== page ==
The DI-AA playoffs are a mess. There’s really no other way to put it. They’re a mess, and the fact that they’re a mess is holding up the announcement of the Sweet 16 fields for both DI-AA and DII.
|Pat Clifton writes his Cliff's Notes opinion column for RUGBYMag.com and RUGBY Magazine. You can follow him on Twitter @Pat_Clifton |
The most glaring problem is that the West Regional is set to be played in Austin, Texas, but the three automatic qualifying teams are from Southern California (Long Beach), Northern California (Chico State) and Washington (Western Washington). And USA Rugby is in the process of trying to make sure all the AQ teams are going to attend the Sweet 16.
Anticipated costs for the AQs to travel Austin hover around or exceed $20,000, each.
In the past the College Competitions Committee (CCC), made up of volunteers, has worked in conjunction with USA Rugby’s Championships and Events department, made up of paid employees, so the regions would make geographical sense and teams would, for the most part, be able to drive to their first- and second-round venues.
With turnover in the Championships and Events department, that collaboration did not take place this season.
The AQ conferences were identified in August, USA Rugby announced the playoff venues January 28, and the CCC devised the regional pairings sometime between those dates. But, still, the Championships and Events department picked Austin as the West Regional host.
In USA Rugby’s defense, there were no hosting applicants in California or Washington, and teams from the automatic qualifying conferences have known Austin was the playoff destination since late January. However, USA Rugby’s Championships and Events department should have actively worked to identify a sensible host to begin with, as they are the professionals in this scenario.
There are three full-time employees in the Championships and Events department and two in the College Rugby department. That team of five people couldn't have solicited California or Washington clubs or venues they've worked with in the past? No, they settled with Austin, even though no team in the state of Texas was up for an AQ bid, and teams from states bordering Texas vying for AQ bids were in conferences whose champions would be sent to one of the other four regions.
AQ teams from the West Coast eventually offered to host the playoffs, but not until after USA Rugby had signed a contract with Austin and the Rugby Texas State Championships had been rearranged to fit around the event.
This is not the first snafu regarding this season’s DI-AA playoffs. USA Rugby’s Championships and Events department’s announcement of the playoff venues was delayed because the department did not properly confirm its playoff locations.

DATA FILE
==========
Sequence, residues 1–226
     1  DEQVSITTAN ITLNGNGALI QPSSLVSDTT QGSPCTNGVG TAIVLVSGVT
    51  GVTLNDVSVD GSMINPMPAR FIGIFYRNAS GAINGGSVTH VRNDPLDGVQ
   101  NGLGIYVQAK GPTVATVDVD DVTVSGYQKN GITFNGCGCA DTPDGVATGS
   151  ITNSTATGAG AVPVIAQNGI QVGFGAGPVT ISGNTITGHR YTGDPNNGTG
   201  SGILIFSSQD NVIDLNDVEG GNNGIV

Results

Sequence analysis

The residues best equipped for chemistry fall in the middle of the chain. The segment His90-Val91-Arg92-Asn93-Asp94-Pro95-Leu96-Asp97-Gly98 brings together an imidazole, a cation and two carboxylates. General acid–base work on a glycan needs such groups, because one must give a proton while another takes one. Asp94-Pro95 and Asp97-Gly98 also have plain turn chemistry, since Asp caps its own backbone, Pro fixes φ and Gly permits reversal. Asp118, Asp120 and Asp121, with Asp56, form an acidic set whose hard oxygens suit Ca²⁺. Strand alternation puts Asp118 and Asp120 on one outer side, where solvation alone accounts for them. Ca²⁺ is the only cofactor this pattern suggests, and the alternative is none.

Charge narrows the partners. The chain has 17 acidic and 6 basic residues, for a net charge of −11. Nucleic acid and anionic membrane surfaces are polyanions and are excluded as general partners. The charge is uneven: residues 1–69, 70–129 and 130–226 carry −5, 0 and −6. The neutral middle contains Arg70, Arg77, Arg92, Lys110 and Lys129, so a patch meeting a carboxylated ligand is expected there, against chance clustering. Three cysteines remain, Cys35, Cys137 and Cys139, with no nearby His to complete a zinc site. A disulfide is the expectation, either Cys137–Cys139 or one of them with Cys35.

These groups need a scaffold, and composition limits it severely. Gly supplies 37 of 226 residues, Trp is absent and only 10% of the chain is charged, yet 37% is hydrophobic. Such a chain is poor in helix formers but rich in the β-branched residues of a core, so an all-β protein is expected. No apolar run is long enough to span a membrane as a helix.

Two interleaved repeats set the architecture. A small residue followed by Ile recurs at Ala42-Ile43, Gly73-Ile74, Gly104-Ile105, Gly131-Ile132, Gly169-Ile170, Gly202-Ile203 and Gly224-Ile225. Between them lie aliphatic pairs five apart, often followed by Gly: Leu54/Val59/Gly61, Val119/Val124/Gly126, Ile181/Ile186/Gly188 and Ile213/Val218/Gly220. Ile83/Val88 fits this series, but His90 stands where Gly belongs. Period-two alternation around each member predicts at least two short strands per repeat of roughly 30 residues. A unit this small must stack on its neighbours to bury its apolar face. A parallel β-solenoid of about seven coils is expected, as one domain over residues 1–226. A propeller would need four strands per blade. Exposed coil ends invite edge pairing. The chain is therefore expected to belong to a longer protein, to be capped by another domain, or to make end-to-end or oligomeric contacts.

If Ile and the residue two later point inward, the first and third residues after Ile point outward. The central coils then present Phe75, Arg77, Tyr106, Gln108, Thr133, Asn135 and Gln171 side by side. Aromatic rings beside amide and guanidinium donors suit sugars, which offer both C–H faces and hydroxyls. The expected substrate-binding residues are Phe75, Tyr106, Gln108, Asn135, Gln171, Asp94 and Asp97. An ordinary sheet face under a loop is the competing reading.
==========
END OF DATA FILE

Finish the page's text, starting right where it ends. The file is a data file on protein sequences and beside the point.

Bowling Green was picked to host the National Semifinals and Finals, and USA Rugby informed the CCC that BGSU was hosting the Final Four weekend, even though Bowling Green had only applied to host the Rounds of 16 and eight, hadn’t been asked to host the Final Four or been alerted they were going to host the Final Four. USA Rugby hadn’t even checked to see if the stadium BGSU offered in their application would be available for the date of the Final Four weekend.
Another snag was the destination for the Keystone Champion. The Keystone’s member schools are all within five hours of Pittsburgh, but the Keystone Champion was originally slotted to play in Madison, Wisc., more than double the distance to Pittsburgh for most of the Keystone teams.
This decision, another product of the lack of collaboration between the CCC and the Championships and Events department, became more glaring when Pitt won the Keystone. According to the original plan, the Panthers would have had to travel nine hours to Wisconsin instead of play in their hometown.
The CCC reshuffled the regional pairings to put Pitt in Pittsburgh and move an at-large to Madison.
Who’s to blame in all this? The West Coast AQ teams certainly could, and should, have worked toward a better solution prior to this last weekend. But they never should have been put in the situation to begin with.
Who’s to blame between the Championship and Events department and the CCC? The pros, the people who are paid to administer championships and events, especially when the CCC was making its decisions in advance, thus giving USA Rugby employees the information they needed to make coherent decisions.
This is not the first example of USA Rugby’s National Office not working well with its volunteer committees. Disgruntlement with employees in Boulder led to an exodus from the College Eligibility Committee, too.
The most frustrating part of it all? USA Rugby now has more people paid to administer the college game and its championships than ever before.
No wonder splinter competitions are forming and conferences and teams are opting out of USA Rugby run events.